........

Exactly when do, I SAVE MUNY...after i keep BUYING MORE SHIT, that I already Bought?
.....

If your only goal is to save money, then you shouldn't have bought any shit in the first place.


If your goal was to record something for others to watch then its a good bet that they would expect at least some minimum quality level that met the standards of today's technology
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  #13  
Old 05-14-2012, 10:27 AM
Tom Tildrum Tom Tildrum is online now
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How does one upload analog 8mm film?
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  #14  
Old 05-14-2012, 10:44 AM
Lobohan Lobohan is offline
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Originally Posted by Jamicat View Post
That's the question...BUY MORE SHIT..BUY MORE SHIT...BUY MORE SHIT.

Exactly when do, I SAVE MUNY...after i keep BUYING MORE SHIT, that I already Bought?

Anyway, I'm gonna just cam it all, and whatever anyone thinks...FUCK EM'.
If you don't care about quality, pay a homeless man to draw pictures of your performance on old newspaper with a China pencil.

Problem solved. And you can hire him with a can of pork and beans that you already have!
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  #15  
Old 05-14-2012, 10:47 AM
Lobohan Lobohan is offline
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Originally Posted by Tom Tildrum View Post
How does one upload analog 8mm film?
Get it transferred, at $20 a reel, wait a couple weeks, rip it from the DVD, upload.

And you get something that is one generation removed from a bad quality original. Or borrow someone's iPhone, and upload it to Facebook the second the concert ends.
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  #16  
Old 05-14-2012, 12:52 PM
SteveG1 SteveG1 is offline
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Originally Posted by foolsguinea View Post
I miss my 35mm camera.
Me too. Set the film speed, set the shutter speed, set the aperture, and click. No menus, no firmware updates, or operating systems. Mine still work perfectly (except for the film availability and development thing)

Welcome to forced obsolescence, and the never ending treadmill of buyng more shit you don't need or want, simply because the old stuff is "no longer supported".

It's just a way to keep taking our money over and over and over.

What? You thought this" new new new" all the time was for OUR benefit? <smirk>
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  #17  
Old 05-14-2012, 01:08 PM
Vinyl Turnip Vinyl Turnip is online now
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And do not get me started on these so-called "parking places" with scarcely enough room for my chariot, let alone my steeds!
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  #18  
Old 05-14-2012, 01:45 PM
commasense commasense is online now
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Quote:
Originally Posted by Lobohan View Post
Quote:
Originally Posted by Tom Tildrum
How does one upload analog 8mm film?
Get it transferred, at $20 a reel, wait a couple weeks, rip it from the DVD, upload.

And you get something that is one generation removed from a bad quality original. Or borrow someone's iPhone, and upload it to Facebook the second the concert ends.
Lobohan is correct about 8mm film, but the OP was talking about 8mm video.

To upload that, you plug the video output of the camcorder into the video card of your computer, and then play the tape (in real time) while recording on your computer. Not quite as time-consuming as a film transfer, but not as quick as transferring a digital file, either.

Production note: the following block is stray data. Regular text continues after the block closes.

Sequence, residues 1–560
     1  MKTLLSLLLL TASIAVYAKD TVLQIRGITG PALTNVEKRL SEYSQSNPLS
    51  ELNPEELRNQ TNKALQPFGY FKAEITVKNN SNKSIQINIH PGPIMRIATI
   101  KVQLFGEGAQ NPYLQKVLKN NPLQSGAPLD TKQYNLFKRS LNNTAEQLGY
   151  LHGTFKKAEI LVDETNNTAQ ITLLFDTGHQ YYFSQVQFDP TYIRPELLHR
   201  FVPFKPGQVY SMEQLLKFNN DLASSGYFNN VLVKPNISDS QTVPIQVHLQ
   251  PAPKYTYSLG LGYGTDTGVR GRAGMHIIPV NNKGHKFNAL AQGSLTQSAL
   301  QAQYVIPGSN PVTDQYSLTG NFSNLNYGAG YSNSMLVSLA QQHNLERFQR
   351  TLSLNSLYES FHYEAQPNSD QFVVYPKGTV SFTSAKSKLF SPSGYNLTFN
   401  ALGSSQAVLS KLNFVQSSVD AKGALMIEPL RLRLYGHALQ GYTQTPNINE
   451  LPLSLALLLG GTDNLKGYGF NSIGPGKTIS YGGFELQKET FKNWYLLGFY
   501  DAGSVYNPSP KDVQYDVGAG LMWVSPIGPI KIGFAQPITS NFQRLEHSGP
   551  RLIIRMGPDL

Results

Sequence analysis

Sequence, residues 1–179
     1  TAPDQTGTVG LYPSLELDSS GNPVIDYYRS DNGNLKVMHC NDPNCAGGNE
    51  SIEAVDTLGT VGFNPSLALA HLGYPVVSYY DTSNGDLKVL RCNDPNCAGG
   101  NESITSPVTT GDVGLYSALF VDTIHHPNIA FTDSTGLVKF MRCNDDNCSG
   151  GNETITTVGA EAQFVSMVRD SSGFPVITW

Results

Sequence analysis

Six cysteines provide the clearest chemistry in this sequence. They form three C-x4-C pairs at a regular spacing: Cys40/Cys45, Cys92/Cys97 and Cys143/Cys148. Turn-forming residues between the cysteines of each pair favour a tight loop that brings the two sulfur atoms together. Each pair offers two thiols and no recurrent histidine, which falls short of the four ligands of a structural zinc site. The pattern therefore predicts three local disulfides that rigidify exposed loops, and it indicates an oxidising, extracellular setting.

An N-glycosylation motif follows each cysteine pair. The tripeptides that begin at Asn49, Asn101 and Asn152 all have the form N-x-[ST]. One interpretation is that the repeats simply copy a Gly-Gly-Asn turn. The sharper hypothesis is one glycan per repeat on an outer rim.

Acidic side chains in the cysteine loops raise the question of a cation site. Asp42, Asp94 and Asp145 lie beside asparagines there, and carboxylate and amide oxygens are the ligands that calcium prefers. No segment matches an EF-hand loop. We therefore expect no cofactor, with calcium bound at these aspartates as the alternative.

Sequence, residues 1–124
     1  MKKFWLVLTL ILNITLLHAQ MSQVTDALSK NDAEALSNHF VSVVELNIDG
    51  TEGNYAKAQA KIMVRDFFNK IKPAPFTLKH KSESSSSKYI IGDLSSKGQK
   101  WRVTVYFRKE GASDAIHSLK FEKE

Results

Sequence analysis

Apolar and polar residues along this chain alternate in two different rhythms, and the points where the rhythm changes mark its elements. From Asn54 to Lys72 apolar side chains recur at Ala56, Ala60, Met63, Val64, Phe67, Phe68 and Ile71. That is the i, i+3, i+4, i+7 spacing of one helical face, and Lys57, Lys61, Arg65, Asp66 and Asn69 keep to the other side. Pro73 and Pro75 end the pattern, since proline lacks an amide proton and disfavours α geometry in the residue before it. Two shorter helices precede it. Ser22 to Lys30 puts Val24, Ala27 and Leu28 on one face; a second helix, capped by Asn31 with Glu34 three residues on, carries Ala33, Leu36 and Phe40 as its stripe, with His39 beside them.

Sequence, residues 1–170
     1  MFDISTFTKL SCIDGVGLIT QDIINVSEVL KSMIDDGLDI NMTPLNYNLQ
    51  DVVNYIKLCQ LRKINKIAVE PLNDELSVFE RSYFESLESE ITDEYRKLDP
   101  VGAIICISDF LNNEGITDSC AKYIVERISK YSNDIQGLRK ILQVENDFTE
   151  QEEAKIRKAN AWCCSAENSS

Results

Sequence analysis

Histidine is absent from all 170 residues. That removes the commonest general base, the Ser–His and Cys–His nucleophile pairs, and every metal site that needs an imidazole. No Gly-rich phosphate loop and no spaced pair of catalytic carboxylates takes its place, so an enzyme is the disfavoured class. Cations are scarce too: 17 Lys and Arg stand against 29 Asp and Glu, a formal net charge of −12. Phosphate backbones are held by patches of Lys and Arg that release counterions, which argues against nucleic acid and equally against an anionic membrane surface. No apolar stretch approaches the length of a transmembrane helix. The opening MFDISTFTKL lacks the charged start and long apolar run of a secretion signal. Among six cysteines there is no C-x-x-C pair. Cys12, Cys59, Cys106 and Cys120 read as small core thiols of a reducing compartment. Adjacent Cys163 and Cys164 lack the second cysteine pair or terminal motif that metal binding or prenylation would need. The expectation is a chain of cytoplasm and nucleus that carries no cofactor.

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Old 05-14-2012, 01:51 PM
kaylasdad99 kaylasdad99 is offline
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And just to confuse the issue, the OP mentioned being prepared to record the concert on both videotape and film.
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  #20  
Old 05-14-2012, 02:03 PM
Jenaroph Jenaroph is offline
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Originally Posted by commasense View Post
Lobohan is correct about 8mm film, but the OP was talking about 8mm video.

To upload that, you plug the video output of the camcorder into the video card of your computer, and then play the tape (in real time) while recording on your computer. Not quite as time-consuming as a film transfer, but not as quick as transferring a digital file, either.
And still looks like videotaped ass, compared to 1080p digital video that a sub-$300 camera can capture.
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  #21  
Old 05-14-2012, 02:08 PM
saoirse saoirse is offline
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Originally Posted by SteveG1 View Post
Me too. Set the film speed, set the shutter speed, set the aperture, and click. No menus, no firmware updates, or operating systems. Mine still work perfectly (except for the film availability and development thing)

Welcome to forced obsolescence, and the never ending treadmill of buyng more shit you don't need or want, simply because the old stuff is "no longer supported".

It's just a way to keep taking our money over and over and over.

What? You thought this" new new new" all the time was for OUR benefit? <smirk>
This might be an issue of geography, but is it really that hard to find a place to develop & print 35mm film? You can certainly still buy it.
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  #22  
Old 05-14-2012, 02:33 PM
Revtim Revtim is online now
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Originally Posted by Jenaroph View Post
And still looks like videotaped ass, compared to 1080p digital video that a sub-$300 camera can capture.
Amen.

Folks, this isn't change for the sake of change, or change to make money. They are making products that provide better results, and the people buying them *for* those better results.

I know you like your daguerreotypes, but sometimes newer is indeed better.
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  #23  
Old 05-14-2012, 02:55 PM
GrandWino GrandWino is offline
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Do you play in an 80s cover band?